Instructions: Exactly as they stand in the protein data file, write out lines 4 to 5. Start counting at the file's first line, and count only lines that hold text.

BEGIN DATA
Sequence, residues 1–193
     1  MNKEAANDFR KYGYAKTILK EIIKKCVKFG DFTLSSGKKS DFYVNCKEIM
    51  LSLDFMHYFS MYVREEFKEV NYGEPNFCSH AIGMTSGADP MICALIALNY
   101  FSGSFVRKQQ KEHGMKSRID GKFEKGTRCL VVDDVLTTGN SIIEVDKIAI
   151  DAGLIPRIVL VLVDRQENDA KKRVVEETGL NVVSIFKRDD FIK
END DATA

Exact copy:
   101  FSGSFVRKQQ KEHGMKSRID GKFEKGTRCL VVDDVLTTGN SIIEVDKIAI
   151  DAGLIPRIVL VLVDRQENDA KKRVVEETGL NVVSIFKRDD FIK